Background and Summary—
Selective cyclooxygenase (COX)-2 inhibitors are increasingly being used in place of “conventional” nonsteroidal anti-inflammatory drugs (NSAIDs). This is because they are just as effective as NSAIDs in relieving arthritic pain and yet less gastrotoxic. However, the cardiovascular safety of selective COX-2 inhibitors has been questioned because they selectively reduce prostacyclin production, thus disrupting the normal homeostatic balance and promoting a prothrombotic state. These theoretical concerns appear to be supported by the results of clinical trials demonstrating an increased risk of myocardial infarction with COX-2 inhibitors compared with a conventional NSAID, and indirect comparisons of the rates of myocardial infarction among patients treated with a selective COX-2 inhibitor compared with aspirin in different trials. However, emerging data from animal, experimental and clinical studies suggest that COX-2 is atherogenic and thrombogenic, and that selective COX-2 inhibitors may be cardioprotective. Meta-analyses of randomized trials of selective COX-2 inhibitors compared with placebo have demonstrated no excess of cardiovascular events among patients allocated COX-2 inhibitors, and preliminary data from a randomized controlled trial of the selective COX-2 inhibitor meloxicam, in patients with acute coronary syndrome who were treated with aspirin, demonstrated a reduction in cardiovascular events among patients allocated the COX-2 inhibitor.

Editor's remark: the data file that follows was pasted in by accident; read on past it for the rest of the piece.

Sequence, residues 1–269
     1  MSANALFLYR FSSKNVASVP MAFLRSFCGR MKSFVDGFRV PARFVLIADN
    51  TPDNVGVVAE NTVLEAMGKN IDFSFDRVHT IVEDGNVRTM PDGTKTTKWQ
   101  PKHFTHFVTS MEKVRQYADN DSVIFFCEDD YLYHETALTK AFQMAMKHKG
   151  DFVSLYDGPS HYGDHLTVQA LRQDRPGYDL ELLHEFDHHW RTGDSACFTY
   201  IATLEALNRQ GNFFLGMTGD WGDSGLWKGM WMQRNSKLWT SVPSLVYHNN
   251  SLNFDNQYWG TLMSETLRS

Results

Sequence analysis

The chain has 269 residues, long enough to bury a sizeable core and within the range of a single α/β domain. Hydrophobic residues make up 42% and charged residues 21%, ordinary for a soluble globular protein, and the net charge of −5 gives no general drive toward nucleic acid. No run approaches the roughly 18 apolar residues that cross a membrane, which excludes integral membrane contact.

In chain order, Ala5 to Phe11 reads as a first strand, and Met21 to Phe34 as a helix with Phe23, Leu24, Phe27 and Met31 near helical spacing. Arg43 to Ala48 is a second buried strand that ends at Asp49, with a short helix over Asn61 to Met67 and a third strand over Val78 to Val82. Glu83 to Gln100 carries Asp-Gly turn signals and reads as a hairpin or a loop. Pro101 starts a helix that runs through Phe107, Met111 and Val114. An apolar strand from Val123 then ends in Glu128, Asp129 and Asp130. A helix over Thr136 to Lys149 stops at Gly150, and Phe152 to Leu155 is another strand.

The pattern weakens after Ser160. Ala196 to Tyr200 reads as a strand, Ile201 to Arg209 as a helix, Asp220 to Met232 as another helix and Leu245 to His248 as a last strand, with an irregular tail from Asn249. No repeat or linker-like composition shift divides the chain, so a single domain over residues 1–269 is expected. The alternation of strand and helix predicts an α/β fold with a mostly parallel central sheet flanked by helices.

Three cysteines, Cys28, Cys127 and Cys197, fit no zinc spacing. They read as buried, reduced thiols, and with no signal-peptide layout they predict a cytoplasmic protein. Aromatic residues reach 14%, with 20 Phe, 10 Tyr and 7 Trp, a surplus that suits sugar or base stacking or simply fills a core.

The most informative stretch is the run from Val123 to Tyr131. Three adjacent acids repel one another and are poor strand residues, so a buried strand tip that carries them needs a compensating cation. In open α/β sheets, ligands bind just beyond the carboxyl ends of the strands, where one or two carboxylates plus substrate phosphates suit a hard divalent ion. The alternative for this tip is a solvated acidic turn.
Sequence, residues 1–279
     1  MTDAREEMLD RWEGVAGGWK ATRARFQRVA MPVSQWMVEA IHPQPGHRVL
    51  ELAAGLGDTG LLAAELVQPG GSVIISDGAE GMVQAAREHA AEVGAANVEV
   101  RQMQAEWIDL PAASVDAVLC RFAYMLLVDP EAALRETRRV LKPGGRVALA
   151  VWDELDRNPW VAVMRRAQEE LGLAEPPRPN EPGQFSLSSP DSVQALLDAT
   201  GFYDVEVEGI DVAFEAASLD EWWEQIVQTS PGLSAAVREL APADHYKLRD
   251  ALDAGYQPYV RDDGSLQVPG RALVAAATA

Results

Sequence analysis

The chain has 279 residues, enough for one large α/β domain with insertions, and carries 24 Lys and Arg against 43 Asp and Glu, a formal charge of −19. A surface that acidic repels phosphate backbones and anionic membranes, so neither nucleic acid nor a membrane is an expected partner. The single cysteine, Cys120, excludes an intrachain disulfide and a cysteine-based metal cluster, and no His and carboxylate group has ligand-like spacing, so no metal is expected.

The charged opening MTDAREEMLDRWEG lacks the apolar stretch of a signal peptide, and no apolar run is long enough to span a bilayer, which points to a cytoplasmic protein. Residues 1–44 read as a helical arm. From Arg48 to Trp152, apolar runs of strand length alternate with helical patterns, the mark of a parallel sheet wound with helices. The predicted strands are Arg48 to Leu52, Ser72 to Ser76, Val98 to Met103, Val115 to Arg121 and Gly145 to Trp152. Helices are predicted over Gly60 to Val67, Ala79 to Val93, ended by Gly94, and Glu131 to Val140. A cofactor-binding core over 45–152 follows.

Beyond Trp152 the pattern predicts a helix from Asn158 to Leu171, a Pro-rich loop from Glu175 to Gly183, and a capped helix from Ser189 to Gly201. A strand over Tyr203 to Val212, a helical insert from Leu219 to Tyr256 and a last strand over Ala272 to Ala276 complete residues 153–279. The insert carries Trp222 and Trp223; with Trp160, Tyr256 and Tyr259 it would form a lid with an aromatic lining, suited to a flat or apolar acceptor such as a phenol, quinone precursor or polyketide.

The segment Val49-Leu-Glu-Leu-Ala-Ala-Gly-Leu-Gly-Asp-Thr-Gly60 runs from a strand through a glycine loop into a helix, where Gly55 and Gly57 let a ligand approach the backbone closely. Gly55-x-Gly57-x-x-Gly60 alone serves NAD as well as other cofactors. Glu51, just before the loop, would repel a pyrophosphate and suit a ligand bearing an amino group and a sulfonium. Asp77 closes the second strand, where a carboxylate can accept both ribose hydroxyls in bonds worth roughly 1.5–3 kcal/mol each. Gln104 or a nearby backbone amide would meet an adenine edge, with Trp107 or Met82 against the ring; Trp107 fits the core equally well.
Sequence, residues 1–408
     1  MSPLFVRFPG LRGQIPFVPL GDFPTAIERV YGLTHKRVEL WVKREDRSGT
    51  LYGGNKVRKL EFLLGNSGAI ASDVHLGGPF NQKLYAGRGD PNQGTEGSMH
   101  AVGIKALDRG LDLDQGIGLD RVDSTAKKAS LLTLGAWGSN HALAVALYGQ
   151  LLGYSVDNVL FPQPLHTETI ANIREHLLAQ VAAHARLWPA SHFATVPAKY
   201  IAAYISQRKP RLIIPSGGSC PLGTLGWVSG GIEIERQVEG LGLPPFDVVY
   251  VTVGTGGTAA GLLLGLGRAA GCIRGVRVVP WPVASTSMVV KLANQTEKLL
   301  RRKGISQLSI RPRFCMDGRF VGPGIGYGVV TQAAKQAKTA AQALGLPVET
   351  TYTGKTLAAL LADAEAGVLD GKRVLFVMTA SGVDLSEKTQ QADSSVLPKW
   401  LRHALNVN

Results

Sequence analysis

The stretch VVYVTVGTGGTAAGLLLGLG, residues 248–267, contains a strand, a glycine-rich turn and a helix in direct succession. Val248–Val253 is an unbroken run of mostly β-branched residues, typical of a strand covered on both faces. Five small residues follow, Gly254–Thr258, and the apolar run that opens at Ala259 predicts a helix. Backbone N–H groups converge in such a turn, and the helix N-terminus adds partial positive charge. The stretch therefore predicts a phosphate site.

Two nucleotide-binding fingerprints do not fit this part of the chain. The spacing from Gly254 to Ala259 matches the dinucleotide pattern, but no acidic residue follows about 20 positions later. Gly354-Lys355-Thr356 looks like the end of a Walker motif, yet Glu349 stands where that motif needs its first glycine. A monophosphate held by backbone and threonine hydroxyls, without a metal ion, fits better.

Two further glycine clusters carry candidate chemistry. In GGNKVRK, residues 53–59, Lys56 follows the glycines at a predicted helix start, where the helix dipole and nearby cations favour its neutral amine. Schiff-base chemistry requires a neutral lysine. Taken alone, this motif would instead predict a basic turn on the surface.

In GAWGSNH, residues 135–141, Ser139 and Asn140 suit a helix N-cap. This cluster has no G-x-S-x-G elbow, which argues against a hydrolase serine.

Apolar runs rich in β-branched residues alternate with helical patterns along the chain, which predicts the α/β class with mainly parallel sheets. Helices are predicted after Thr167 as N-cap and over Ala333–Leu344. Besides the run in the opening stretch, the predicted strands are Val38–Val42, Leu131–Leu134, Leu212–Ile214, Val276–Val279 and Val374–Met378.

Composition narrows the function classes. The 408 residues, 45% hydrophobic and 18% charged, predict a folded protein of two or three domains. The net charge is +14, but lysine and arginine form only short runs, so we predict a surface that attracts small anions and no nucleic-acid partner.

Continuing uncertainty regarding the direction and magnitude of any cardiovascular effects of selective COX-2 inhibitors, coupled with their widespread and increasing use, mandates prospective randomized evaluation of their efficacy and safety in patients at increased risk of future cardiovascular events.